The River Burns by Trevor Ferguson

November 1, 2014

Reviewed by Alan Levine

 

Trevor Ferguson, of Hudson, a many-talented Quebecker who teaches creative writing at Montreal’s Concordia University, has to his added credit the better part of a dozen literary and stage and screen successes.  A participant in an initiative by the Quebec Government to choose one of ten themes from Quebec history, Ferguson focused on the burning-down of the beloved century-old covered bridge in Wakefield thirty years ago. 

 

The theme of this novel is the confrontation of environmentalists, or “tree-huggers” (and not a few dope-dealers) with the loggers and truckers who draw their wages, and their lifestyles, from deforestation of some of the most beautiful forested land in the province. The O’Farrell brothers, Ryan, the police chief, and Dennis, a trucker, who speak respectively for each group, represent two diametrically opposed positions on the bridge.

 

Ryan appreciates the value to the local economy of tourists who visit the village to see the bridge and enjoy its timeless beauty.  Dennis’ group decries the delays in getting logging trucks across the bridge one at a time, or lingering for long periods until the same tourists are cleared from the bridge while heavily-loaded trucks are sent across one at a time.  The truckers and loggers want the province to fund a replacement, a new, two-lane, state-of-the-art structure to accommodate them.  

 

After a town-hall meeting which seems to go nowhere, Dennis and three friends burn down the bridge, and the fallout yields a most interesting tale.  Several outrages follow against the forestry company.  There are several smalltown subplots which might remind the reader of Leacock’s Orillia or even Metalious’ Peyton Place, perhaps even Hardy’s Casterbridge, and Ferguson captures and delineates them with ease.  Of two of some half-dozen memorable characters, one is the erudite and lovable Mrs. McCracken, a long-retired but very vocal widowed schoolteacher and renowned pie-maker who communes with her cat Buckminster and her community, shoots blanks from a brace of her late beloved spouse’s antique dueling pistols to ward off pesky trespassers, but dies before the endgame.  The other is a conflicted lawyer with a past, the indelibly beautiful and bright Raine Tara-Anne Cogshill, who gets into the head, and soon the bed, as it were, of Ryan O’Farrell, and is critical to the resolution of problems long-festering, which if not micromanaged might tear Wakefield apart.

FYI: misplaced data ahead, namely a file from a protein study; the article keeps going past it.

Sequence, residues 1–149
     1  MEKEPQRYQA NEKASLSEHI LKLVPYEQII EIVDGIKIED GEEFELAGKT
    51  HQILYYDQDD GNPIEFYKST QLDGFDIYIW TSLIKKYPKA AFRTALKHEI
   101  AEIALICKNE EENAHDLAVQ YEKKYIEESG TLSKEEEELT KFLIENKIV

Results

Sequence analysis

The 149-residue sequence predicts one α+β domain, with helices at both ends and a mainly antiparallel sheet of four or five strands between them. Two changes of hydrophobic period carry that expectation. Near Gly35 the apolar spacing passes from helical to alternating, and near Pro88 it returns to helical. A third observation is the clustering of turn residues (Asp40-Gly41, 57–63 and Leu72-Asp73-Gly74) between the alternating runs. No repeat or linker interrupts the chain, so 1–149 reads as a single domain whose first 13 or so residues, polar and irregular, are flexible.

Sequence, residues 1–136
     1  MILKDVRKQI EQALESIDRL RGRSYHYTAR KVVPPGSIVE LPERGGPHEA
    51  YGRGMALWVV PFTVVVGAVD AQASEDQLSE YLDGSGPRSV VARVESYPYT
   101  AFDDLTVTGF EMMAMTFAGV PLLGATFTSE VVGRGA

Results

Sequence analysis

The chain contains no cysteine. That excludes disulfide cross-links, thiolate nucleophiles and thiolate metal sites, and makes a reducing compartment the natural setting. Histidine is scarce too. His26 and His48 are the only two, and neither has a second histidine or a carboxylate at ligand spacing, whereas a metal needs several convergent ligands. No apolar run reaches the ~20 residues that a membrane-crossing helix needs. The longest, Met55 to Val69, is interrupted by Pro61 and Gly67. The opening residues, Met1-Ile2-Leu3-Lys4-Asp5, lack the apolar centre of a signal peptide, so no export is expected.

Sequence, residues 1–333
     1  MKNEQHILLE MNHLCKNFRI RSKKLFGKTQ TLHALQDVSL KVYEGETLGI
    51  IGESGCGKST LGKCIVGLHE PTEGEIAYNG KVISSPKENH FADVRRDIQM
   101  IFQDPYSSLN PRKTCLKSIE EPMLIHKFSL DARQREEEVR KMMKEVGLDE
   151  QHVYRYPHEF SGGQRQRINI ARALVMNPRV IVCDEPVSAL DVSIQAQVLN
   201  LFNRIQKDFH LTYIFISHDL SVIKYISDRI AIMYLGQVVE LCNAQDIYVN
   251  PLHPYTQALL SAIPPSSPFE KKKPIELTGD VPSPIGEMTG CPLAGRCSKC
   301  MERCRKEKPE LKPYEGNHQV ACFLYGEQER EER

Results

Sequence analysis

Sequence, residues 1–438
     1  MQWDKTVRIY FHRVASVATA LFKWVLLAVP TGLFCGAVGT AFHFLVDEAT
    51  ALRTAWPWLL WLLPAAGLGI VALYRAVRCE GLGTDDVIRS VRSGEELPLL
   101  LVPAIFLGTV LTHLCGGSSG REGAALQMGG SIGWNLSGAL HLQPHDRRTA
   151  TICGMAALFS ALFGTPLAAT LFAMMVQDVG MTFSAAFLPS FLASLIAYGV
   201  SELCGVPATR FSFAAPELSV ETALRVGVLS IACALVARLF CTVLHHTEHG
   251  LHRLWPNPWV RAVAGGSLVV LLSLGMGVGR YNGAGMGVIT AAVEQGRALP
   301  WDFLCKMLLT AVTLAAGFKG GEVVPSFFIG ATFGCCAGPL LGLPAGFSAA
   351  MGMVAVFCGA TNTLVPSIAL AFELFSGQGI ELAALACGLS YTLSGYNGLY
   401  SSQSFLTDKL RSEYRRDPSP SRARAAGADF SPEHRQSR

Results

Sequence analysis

Ferguson keeps us interested with consuming, tasteful lovers’ dialogue. There are some unsuspected tricky manoeuvres to outfox a couple of plainclothes provincial gumshoes involved with “major crimes” and to preserve or impact some reputations in Wakefield.   Ferguson’s grasp of interpersonal relations and the stresses incurred by folks in small, tight communities is superb.  Doubtless he has experienced such personality clashes in Hudson, where he lives.  All told, his story-telling  rarely skips a beat.  Or a dead-beat.  As a creative scribe, he ranks close to Attwood and Fitzgerald in his delineation of human frailty and challenge leading to what most readers treasure:  a happy ending.

 

The River Burns is published by Simon & Schuster Canada.

 

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